‘I do hope [Dreary 80s Tory MP] hasn’t done anything bad. I’d hate to have my childhood memories of [Dreary 80s Tory MP] ruined.’

Mark Steel must be about as old as Jeremy Hardy – indeed I saw them both (and Jo Brand) at the Edinburgh Fringe in 1988. But where Mr Hardy jokes about the aging process, Mr Steel seems entirely unfettered by time. He has exactly the same manic energy he had in the 80s, running around the stage and spitting out his anti-UKIP rants with barely a pause for breath. I envy him for this, just as I envy him for his red velvet jacket.

On the tube home, I bump into Russell T. He’s just been to some dinner event with none other than Nigel Farage – the very man who was a butt of so many of the jokes at the Apollo. It transpires that Mr F really does like his drink, even when (as tonight) he dashes off to do a late night interview with LBC, several glasses of wine still sloshing away inside him. So all those photos of him holding a pint of beer are not just a pose after all.

* * *

Thursday 10th July 2014. In the afternoon: to the Prince Charles cinema for Bad Neighbours. It’s a broad Hollywood comedy. A thirty-ish couple with a house, proper jobs, and a new baby have their life made hell when a gaggle of noisy students move in next door. There’s some laboured gross-out humour which seems a bit old hat now, and it’s never clear who the film is meant for – former students who are settling down into parenthood, or current students who want that sort of humour now. It’s a shame, because otherwise there’s a witty enough comedy of manners tucked behind the slapstick. Rose Byrne in particular is superb as the new mother, who finds it hard to deliver the phrase ‘can you keep it down?’ in a way that won’t make her sound like a spoiler of fun. Which is, of course, impossible.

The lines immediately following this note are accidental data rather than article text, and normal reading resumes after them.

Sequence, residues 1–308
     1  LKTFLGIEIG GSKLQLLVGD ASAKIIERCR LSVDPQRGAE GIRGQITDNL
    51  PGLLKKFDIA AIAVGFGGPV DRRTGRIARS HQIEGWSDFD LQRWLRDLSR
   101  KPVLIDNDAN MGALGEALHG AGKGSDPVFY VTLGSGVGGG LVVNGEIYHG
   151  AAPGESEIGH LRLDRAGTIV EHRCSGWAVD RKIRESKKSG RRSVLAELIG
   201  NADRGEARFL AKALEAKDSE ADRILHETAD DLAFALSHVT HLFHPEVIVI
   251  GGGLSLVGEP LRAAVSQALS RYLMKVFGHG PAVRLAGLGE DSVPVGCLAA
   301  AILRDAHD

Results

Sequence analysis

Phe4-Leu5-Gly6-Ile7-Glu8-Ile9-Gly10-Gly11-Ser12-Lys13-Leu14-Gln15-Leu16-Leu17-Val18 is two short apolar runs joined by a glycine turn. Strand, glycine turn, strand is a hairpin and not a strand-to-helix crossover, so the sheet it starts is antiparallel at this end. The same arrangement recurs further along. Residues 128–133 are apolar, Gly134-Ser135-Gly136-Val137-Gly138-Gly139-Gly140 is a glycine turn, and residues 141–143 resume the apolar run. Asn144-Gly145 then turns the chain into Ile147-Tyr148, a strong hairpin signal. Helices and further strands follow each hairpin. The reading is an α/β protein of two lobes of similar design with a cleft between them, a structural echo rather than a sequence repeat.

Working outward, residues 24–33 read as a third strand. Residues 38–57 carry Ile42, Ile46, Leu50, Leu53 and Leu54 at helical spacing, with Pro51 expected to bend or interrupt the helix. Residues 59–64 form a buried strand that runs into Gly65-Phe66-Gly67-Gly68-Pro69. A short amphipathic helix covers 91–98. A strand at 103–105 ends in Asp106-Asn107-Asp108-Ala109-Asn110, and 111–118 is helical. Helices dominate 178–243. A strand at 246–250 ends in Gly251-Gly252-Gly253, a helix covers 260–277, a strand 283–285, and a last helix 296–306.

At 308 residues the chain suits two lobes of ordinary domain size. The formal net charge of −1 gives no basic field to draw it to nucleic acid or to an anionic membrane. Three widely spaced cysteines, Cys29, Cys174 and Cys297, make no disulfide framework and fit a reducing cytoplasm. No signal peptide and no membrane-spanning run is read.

Then by way of contrast to the National Portrait Gallery, for Virginia Woolf: Art, Life and Vision. Somewhat fewer slapstick sight gags there. I suppose this represents the person I’ve grown to become – the sort of person who goes to a Virginia Woolf exhibition – and on the day it opens, too (I couldn’t wait). It’s quite busy, with a mix of all ages and genders. There are some shocks. The first exhibit is a large photograph of Woolf’s Tavistock Square flat in ruins, after it was bombed during WW2. In amongst the debris her fireplace can be seen intact, with its Vanessa Bell decorations exposed to the open sky. Then the show works in refreshing Orlando-esque time travel: the fireplace appears again in a Vogue article from the 1920s, then it’s straight back to her childhood, and then forward again into Bloomsbury, via lots of beautiful Hogarth Press first editions. I am stopped in my tracks by a photograph of the 13-year-old Virginia, dressed in mourning for her mother.